1) attract the reader's attention,
2) summarize the story,
3) help the reader index the contents of the page,
4) depict the mood of the story,
5) help set the tone of the newspaper
6) and provide adequate typographic relief.

Above all else, attracting the reader is the most important element of writing headlines, but all six elements are important.

When writing headlines, it needs to be assumed that the reader will not read the story. With that in mind, the headline (along with any subheads and photo captions or blurbs) needs to package the message of the story into a condensed space. Instead of stating the obvious "City Council approves $30 million budget," write something that will attract the reader's attention while still giving the important information. Example: "City tax-rate to remain unchanged."

In the chapter, it is said that the USA Today is a good example of a newspaper that does headlines correctly. The USA Today might not feature in-depth reporting like the New York Times, but it is a reader-friendly paper that is ideal for the 24 minutes people spend with a newspaper.

Lastly, a few headline styles outlined in the book that I think are important to remember:
1) first word and proper nouns are capitalized
2) no period at the end of the headline
3) if the headline is two sentences, separate with a semicolon, not a period
4) use single quotation marks
5) comma is used in place of the word and
6) write headlines in present tense, past tense is rarely used and "to" is used instead of "will" in future tense
7) always write in active voice
8) eliminate articles (a, an, the) and "to be" verbs
9) watch for libel

Josephine Mendez said...

Micro Editing For Precision in Language

I) Grammar
A) Bad grammar destroys credibility of publication
II) Sentence problems: things to avoid
A) Sentence fragments
B) Fused sentences
C) Comma-splice sentences
D) Run-on sentences
E) “Reader stoppers”
a) Passages that have fuzzy meaning causing the reader to stop
F) False connections
a) Combining unrelated ideas in a sentence
G) Mixed metaphors
III) Nouns and Pronouns
A) Pronoun-Antecedent Agreement
a) Every pronoun should clearly refer to a previous noun
b) A pronoun and its antecedent should be the same number
B) Pronoun Case
a) Know the difference between subject, object and possessive pronouns
C) Possessive and Plural
IV) Verbs
A) Parallel Construction
a) Keep verbs and other items in a series in parallel or similar form
B) Tenses
a) Don’t confuse the word “of” with the word “have” or its contraction “ ‘ve”
b) Know the correct principal parts of commonly misused irregular verbs
c) Use the correct tense to best describe the time when something took place
C) Passive Voice
a) Use verbs in the active voice rather than the passive voice
D) Conditional and Subjunctive Nouns
a) Learn to use both modes
E) Subject-Verb Agreement
a) a singular subject needs a singular verb. A plural subject needs a plural verb.
V) Modifiers
A) Forms and Placement of Modifiers
a) Use the proper form of a modifier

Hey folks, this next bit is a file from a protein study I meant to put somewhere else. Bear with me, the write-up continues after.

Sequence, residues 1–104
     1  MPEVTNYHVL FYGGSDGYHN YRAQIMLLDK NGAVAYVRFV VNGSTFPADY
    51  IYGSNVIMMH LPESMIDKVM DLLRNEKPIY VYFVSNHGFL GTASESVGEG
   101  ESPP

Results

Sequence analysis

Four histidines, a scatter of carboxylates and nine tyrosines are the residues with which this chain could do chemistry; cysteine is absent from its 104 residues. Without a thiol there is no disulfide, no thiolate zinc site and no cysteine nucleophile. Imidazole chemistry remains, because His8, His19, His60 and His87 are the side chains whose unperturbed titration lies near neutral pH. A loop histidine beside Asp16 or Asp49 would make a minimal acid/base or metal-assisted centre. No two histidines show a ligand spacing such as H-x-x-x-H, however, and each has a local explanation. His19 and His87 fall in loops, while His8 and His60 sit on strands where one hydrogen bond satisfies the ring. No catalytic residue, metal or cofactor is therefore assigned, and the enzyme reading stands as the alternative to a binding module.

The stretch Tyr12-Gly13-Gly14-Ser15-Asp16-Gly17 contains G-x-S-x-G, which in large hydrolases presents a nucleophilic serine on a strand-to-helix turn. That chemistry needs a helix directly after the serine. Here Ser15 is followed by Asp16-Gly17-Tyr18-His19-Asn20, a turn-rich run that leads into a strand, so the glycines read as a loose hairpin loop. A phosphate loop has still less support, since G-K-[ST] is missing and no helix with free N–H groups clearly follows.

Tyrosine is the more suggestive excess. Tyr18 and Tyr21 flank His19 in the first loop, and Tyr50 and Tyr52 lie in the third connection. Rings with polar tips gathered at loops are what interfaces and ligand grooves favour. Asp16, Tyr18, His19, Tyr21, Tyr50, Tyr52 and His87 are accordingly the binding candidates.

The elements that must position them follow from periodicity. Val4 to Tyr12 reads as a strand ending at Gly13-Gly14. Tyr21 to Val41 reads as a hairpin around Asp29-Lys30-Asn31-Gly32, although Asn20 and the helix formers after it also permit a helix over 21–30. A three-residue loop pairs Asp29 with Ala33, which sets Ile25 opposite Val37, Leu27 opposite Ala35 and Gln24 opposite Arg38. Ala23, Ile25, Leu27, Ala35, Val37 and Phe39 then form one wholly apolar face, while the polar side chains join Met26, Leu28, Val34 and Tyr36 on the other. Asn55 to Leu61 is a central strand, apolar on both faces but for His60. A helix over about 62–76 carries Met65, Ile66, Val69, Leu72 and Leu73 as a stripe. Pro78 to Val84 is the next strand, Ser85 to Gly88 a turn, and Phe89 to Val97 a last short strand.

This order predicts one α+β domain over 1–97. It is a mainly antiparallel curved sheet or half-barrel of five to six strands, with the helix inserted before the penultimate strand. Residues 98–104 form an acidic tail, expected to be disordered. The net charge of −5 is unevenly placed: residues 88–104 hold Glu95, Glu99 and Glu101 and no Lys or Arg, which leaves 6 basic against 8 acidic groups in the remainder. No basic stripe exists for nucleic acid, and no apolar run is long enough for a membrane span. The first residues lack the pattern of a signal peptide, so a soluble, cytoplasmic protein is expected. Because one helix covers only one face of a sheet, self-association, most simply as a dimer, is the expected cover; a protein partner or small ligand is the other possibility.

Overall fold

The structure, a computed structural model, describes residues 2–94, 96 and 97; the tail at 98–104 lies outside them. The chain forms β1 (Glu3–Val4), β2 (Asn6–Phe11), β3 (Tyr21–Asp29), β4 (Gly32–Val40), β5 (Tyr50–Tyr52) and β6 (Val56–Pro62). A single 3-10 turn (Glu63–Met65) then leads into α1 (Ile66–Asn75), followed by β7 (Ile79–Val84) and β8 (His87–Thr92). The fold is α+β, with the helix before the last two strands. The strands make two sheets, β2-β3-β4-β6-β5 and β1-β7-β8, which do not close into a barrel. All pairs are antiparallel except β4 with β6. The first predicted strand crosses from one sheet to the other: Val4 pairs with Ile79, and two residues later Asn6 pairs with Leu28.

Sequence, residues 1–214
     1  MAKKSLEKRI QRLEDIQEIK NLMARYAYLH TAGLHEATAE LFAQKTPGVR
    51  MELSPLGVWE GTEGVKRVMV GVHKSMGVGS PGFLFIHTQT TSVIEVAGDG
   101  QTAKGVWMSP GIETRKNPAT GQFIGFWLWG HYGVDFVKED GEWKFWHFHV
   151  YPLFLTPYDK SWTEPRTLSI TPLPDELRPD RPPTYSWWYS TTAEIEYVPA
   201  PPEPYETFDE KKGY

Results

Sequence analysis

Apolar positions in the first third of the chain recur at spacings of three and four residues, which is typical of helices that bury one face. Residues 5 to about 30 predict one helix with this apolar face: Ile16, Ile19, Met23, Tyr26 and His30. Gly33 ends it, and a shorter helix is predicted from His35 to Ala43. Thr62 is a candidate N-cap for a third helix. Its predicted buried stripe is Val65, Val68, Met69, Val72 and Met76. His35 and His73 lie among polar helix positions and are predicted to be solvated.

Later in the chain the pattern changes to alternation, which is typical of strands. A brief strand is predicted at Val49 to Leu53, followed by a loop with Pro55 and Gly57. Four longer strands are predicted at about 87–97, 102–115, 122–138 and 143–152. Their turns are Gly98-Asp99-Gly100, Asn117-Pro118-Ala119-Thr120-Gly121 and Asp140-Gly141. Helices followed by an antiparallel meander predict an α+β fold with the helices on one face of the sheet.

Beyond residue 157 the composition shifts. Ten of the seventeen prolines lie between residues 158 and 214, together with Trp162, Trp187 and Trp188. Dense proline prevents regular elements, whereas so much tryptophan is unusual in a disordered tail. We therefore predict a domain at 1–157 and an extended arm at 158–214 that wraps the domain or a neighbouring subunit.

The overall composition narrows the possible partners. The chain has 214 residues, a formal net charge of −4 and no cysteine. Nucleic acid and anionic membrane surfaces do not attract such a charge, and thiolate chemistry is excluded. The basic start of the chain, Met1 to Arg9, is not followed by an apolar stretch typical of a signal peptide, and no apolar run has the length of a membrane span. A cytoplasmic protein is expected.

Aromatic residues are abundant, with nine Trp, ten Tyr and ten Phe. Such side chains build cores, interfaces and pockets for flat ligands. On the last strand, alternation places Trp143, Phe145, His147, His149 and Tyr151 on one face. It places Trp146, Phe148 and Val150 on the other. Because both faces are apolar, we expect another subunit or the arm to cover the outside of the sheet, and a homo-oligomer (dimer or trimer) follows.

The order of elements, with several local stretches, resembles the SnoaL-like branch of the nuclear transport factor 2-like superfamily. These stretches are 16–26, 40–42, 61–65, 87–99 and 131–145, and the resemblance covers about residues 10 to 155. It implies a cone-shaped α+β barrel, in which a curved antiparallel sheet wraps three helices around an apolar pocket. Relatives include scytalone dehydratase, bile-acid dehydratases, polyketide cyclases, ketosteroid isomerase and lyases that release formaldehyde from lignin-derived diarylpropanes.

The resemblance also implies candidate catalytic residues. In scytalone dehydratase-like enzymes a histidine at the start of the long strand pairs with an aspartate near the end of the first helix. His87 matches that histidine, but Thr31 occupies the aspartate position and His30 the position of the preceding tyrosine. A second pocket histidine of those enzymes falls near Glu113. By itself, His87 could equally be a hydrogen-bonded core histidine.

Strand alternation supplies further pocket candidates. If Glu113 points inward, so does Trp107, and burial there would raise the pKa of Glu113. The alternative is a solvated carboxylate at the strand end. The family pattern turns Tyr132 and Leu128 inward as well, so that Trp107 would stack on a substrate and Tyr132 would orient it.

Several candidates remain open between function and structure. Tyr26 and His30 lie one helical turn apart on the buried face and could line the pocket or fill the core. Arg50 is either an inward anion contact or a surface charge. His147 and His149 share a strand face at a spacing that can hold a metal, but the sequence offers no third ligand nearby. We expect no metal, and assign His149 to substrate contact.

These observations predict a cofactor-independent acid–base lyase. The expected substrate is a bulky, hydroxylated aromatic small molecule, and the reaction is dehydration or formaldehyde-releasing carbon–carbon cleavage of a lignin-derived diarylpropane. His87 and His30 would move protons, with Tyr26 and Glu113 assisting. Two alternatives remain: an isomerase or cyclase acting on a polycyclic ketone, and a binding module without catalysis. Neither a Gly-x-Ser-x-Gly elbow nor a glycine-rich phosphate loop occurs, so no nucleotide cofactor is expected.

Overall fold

b) Place modifiers next to what the describe
VI) Interjections

VII) Connecting Words
A) Prepositions
a) Don’t end with prepositions
b) Separate proper nouns

Tom Green said...

Headlines are one of the most important aspect of a newspaper. Newspapers are rarely read in their entirety, that is an undeniable fact. It is the sole responsibility of the headline to draw in the reader to the information they really need to know. The header needs to provide an accurate preview of the article without revealing its entirety, drawing the readers eyes to read the article it describes. It should also be accurate, so as to not confuse the reader into reading something they do not want to.

The wording, structure and size are the most important as it must both draw the reader in and not take space away from the page as a whole. If i headline is long or worded it can overcrowd the page and other important stories will be missed. If it is vice versa, the important info in the article will be overlooked. Wording is important because it is the header in itself, the wording must be inviting, so the reader can dive into the article and read. In essence you want to draw the readers attention with the structure and size then use the wording to draw them in.

The most difficult component of the headline is previewing the story without giving away too much information. A major mistake is made when too much info is shown, causing space issues on the page.
This is avoided through "Two critical steps, selecting which details to use and phrasing them properly within the space available." Brooks "The Art of Editing"

The are various ways to structure and format a headline, however the headline itself is very simply put together. There is Main Head and an optional Second deck directly under it. The order can vary as well, as sometimes the second deck can be placed above the main, however the best way to tell them apart is the size. The main deck is always bigger than the second